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Google Tag Manager Guides: How to track PDFs in Analytics using virtual pageviews

virtual pageviews

PDFs are often a very important aspect of a business’ website. They can cost a lot of time and money to produce—like a white paper or an e-book—and sometimes, they’re an integral part of the purchasing funnel. For this reason, you should always optimize your PDFs for search so you can maximize their reach. The issue with PDFs is that Analytics doesn’t inherently allow you to track when a user views that file. Why invest in an important document if you can’t measure its performance? Tracking is the only way to eliminate that data blind spot and determine whether people are actually reading what you’re producing.

Google Analytics doesn’t track PDFs because they’re files—not HTML—so there’s nowhere to place a tracking code. What we’d like to do instead is ping Analytics anytime links to our PDF(s) are clicked. With Google Tag Manager, this is fairly simple.

Tracking PDF views on your site as Virtual Pageviews in Google Analytics

Google Tag Manager is a great tool that lets you create and manage multiple tags all in the same place, while only having to place one initial tag on your website. Not only does it enable you to literally manage your tags, Tag Manager also allows you to create tags to track certain user behaviors that aren’t normally trackable via Google Analytics. Today we’re going to detail how to use Google Tag Manager in order to track PDF views in Google Analytics reporting.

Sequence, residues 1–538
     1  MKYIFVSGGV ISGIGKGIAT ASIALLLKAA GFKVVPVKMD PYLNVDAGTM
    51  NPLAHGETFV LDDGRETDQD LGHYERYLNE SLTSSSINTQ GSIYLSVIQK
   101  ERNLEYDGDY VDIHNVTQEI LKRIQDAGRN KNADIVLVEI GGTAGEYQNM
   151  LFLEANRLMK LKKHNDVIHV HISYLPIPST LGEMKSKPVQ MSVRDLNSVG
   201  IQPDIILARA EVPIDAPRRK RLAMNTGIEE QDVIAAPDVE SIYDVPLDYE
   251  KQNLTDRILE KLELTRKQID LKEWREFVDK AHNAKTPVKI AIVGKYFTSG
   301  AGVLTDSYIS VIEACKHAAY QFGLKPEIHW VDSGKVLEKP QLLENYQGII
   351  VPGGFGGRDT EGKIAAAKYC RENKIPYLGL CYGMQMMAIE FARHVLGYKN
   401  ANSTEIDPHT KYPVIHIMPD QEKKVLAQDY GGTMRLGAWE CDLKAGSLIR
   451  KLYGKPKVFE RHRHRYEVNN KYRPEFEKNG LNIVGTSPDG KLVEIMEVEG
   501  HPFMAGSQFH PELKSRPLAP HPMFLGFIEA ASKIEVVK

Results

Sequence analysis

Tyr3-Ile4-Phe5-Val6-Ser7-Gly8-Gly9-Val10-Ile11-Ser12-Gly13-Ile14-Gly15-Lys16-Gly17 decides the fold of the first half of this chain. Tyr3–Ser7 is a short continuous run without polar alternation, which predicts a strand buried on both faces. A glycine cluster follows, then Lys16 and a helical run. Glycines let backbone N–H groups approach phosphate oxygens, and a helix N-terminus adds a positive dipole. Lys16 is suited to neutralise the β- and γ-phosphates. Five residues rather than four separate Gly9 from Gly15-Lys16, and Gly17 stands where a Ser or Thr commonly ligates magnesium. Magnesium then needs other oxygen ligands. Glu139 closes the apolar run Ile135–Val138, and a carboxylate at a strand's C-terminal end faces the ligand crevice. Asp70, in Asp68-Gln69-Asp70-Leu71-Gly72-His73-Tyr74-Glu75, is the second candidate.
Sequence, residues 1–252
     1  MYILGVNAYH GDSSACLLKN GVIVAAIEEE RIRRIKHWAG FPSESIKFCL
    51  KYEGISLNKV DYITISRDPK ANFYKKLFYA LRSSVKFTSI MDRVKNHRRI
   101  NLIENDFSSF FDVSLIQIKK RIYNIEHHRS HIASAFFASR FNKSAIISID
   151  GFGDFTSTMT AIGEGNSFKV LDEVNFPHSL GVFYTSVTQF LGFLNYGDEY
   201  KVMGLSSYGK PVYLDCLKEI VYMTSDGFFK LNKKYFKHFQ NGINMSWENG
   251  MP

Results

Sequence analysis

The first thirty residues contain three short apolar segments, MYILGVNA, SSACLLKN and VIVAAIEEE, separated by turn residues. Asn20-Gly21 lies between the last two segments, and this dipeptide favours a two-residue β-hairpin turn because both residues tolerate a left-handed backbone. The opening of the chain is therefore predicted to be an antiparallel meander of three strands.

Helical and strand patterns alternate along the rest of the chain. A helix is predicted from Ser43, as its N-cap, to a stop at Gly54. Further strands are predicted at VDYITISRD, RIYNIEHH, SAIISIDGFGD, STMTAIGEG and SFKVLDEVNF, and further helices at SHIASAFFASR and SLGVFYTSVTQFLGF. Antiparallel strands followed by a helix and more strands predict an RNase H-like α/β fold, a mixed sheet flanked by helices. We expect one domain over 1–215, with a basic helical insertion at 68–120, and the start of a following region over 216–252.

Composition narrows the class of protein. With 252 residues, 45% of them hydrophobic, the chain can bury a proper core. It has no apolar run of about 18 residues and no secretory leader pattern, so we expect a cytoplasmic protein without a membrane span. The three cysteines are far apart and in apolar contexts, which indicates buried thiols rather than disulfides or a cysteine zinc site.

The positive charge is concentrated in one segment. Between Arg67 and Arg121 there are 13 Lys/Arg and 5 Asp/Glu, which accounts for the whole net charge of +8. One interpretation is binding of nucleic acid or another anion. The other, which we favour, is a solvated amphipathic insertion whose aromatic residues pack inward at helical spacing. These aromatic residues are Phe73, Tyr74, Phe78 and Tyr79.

Note: this guide assumes you’ve already created a Google Tag Manager account and container for your domain, and have also placed the Tag Manager tracking code in the <body> of every page on the website.

Step 1 – Enable the correct built-in variables

Log into Google Tag Manager and access the container of the domain you are working with. Then click on ‘Variables’ on the left-hand menu. This is where you enable which variables you’d like to work with when creating your tag. For this example, you must at least enable “Page URL” in the Pages section, “Event” in Utilities, and “Click URL” in Clicks. However, you should also enable the rest of the Pages section so that you have other options of data to push to Analytics if you need them.

google tag manager variables

Step 1B – Create a user-defined variable, called “Click Path”

This will make sense in step 3, but for now you’ll have to trust me. The purpose of this variable is to tell us the page path (everything after .com or .org or what have you) of the PDF’s URL.

  • Click the red “New” button in the User-Defined Variables section at the bottom of the page.
  • Title this new variable “Click Path.”
  • Under Choose Type, click the 2nd choice, “Auto-Event Variables”
  • Configure the variable so that the Variable Type is “Element URL” and the Component Type is “Path.”

Your end result should look like the image below. Save this new variable.

google tag manager custom variable

Step 2 – Create a trigger to fire when any links to a PDF on your site are clicked